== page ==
Appraisals in Black and Latino neighborhoods are more likely to fall short of the contracted sale price, a Freddie Mac study of 12 million appraisals found.
The research examined appraisals for home purchases the government sponsored enterprise received from 2015 through the end of 2020. While only 7% of appraisals undershoot the contracted sale price in census tracts where at least half the population is white, that percentage is much higher in minority tracts. The share of homes appraised below the sale price was greatest in Latino census tracts, where 15% of appraisals came in shy of what borrowers were wiling to pay. In Black census tracts, 13% of home appraisals failed to reach the contracted sales price. In tracts that were more than 80% Black or Latino, that proportion grew even larger.
When a home appraises below the contracted sale price, it gives the buyer an opportunity to negotiate a lower price. But when homebuyers face a gap between the amount they are willing to pay for a house and its appraised value, they often must weigh paying the difference out of pocket.
In normal times, that poses a problem for homebuyers with less savings on hand, or access to family wealth to help pay a larger down payment. In the current overheated housing market, where bidding wars are common and cash offers prevail, negotiating a price reduction in favor of the buyer is an unlikely scenario.
“An appraisal falling below the contracted sale price may allow a buyer to renegotiate with a seller, but it could also mean families might miss out on the full wealth-building benefits of homeownership or may be unable to get the financing needed to achieve the American Dream in the first place,” said Michael Bradley, senior vice president of modeling, econometrics, data science and analytics in Freddie Mac’s single-family division. “This is a persistent problem that disproportionately impacts hundreds of thousands of Black and Latino applicants.”
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The research found that the appraisal gaps resulted from a large portion of appraisers, a counter to the notion that a few isolated appraisers are responsible for the disparities.
Freddie Mac also sought to explain what could account for the disparities in appraised values. Researchers identified comp distance, comp reconciliation, comp variance, and purchaser overpayment as possible factors that lead to the differences.
The average distance between a home and the comps is substantially smaller when the property is in a minority tract than when it is in a white tract. Appraised values in minority tracts also tend to fall toward the lower end of the range of comparable appraised values — although the dollar difference is typically quite small.
One confounding factor could be minorities overpaying versus white buyers for similar properties. The research found that difference was “modest,” however, throwing cold water on that potential explanation for the disparity.
Researchers also examined whether neighborhood characteristics could explain the appraisal gap. That hypothesis, too, led to a dead end. Even when taking structural and neighborhood characteristics into consideration, a property in a minority tract is more likely to receive an appraisal lower than the contract price.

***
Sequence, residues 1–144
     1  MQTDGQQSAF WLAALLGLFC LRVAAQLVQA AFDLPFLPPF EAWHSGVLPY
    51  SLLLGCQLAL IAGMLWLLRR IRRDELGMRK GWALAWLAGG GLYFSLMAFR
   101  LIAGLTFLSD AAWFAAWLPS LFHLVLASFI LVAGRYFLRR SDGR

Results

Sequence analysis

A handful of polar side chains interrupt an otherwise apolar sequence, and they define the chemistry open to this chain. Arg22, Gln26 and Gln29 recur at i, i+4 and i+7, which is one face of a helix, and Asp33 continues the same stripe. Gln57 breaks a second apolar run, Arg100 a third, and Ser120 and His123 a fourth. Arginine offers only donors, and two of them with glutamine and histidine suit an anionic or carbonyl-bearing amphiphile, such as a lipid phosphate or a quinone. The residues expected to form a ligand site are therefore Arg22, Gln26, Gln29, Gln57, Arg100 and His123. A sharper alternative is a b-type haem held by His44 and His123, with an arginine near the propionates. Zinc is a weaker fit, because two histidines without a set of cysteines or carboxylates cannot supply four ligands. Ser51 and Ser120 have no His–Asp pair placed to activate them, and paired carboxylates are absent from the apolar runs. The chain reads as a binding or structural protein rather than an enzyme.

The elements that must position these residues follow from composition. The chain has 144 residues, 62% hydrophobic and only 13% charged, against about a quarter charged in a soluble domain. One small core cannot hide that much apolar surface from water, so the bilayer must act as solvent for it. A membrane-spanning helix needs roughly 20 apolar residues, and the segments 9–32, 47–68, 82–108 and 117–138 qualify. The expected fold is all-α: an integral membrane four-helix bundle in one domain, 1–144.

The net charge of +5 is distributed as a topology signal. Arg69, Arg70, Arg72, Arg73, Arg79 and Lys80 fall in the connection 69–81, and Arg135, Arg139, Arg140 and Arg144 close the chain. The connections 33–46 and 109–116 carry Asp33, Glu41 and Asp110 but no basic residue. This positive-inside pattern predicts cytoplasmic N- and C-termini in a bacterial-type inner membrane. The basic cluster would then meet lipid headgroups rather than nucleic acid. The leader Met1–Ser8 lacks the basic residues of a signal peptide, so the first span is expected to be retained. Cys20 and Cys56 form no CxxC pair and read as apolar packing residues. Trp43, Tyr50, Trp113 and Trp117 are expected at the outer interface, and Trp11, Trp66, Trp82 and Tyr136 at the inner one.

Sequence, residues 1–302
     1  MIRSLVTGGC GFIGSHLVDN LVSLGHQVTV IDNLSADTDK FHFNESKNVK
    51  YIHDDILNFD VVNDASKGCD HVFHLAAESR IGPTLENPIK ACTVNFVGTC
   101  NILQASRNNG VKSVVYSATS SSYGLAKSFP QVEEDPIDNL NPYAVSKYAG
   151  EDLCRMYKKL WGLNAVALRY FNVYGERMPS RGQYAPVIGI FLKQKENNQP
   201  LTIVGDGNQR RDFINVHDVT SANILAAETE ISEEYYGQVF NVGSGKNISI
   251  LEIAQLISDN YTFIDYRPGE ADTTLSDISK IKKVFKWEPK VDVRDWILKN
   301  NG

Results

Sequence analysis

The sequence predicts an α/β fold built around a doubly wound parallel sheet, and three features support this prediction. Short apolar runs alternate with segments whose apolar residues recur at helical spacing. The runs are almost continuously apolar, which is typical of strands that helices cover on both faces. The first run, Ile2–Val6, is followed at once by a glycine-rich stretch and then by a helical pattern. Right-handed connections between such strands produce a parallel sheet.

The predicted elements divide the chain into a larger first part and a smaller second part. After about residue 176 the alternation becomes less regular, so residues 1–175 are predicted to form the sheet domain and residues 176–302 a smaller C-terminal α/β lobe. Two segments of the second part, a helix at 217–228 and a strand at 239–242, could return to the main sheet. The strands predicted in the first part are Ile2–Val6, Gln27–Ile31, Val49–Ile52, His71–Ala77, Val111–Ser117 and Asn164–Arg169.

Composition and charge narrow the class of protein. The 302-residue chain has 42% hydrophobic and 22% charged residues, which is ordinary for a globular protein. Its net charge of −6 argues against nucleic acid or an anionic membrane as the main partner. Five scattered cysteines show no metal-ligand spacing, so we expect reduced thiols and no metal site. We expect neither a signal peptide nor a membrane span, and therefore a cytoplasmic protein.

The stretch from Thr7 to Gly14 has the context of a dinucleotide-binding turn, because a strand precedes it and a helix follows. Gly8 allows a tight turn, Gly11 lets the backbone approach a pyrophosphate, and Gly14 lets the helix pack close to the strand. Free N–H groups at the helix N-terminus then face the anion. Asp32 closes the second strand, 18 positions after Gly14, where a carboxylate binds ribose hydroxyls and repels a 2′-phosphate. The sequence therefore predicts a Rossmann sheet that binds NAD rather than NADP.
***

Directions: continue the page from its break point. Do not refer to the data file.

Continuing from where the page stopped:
Bradley said the research is the first step to better understand the factors that contribute to the appraisal gap.
“Our goal is to develop solutions to this persistent problem, including appraisal best practices, uniform standards for automated valuation models, enhanced consumer disclosures, improved value processes, and revised fair lending exam procedures and risk assessments,” Bradley said.
Those representing the appraisal industry agreed with Freddie Mac that more research is needed to understand disparities in appraisals. Even so, Rodman Schley, president of the Appraisal Institute, which represents appraisers, countered that unconscious bias is not unique to appraisals.
“Appraisal is one piece of a larger ecosystem, and appraisal groups are working alongside consumer groups, real estate brokers and agents, banks, government agencies, think tanks and others to explore where housing inequities may stem from and what combination of solutions should be considered,” said Schley. “What is important is understanding, knowledge and guidance on how to recognize and interpret it when it occurs.”
Schley emphasized his organization’s efforts to diversify the industry, which is overwhelmingly white and aging.
“Diversity, equity and inclusion in appraisal is a top priority for the Appraisal Institute, and we take that responsibility seriously,” Schley said.
Mark Schiffman, executive director of the Real Estate Valuation Advocacy Association, which represents appraisal management companies, called Freddie Mac’s findings “troubling” and said the research reinforces the need for more data and analysis.
“We support their continued research, along with the other important data collection and stakeholder engagement activities underway, to determine the root causes and identify impactful solutions,” Schiffman said.
The Appraisal Subcommittee, a federal entity that has oversight authority for state licensure of appraisers, did not comment on Freddie Mac’s research.
One obstacle in addressing appraisal bias is a lack of widespread formal complaints alleging discrimination. The Department of Housing and Urban Development has received only a handful of such complaints in recent years.
In July, HUD announced it would spearhead an inter-agency appraisal task force, which will deliver a report to President Joe Biden within six months to describe the extent, causes and consequences of undervaluing of properties.